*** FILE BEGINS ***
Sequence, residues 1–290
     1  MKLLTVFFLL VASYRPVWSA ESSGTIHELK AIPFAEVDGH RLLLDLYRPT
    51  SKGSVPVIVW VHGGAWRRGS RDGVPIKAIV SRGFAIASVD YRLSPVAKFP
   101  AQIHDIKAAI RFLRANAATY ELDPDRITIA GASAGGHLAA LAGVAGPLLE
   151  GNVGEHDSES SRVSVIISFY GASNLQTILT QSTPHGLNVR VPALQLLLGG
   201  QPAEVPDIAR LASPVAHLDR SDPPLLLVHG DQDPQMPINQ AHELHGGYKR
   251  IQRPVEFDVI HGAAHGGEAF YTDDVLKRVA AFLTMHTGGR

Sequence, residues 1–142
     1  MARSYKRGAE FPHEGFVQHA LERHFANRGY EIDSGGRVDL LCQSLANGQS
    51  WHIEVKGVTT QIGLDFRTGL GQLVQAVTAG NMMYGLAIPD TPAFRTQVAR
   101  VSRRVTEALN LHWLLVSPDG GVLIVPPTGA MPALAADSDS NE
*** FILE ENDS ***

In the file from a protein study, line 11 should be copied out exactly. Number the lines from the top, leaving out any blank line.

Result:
   101  VSRRVTEALN LHWLLVSPDG GVLIVPPTGA MPALAADSDS NE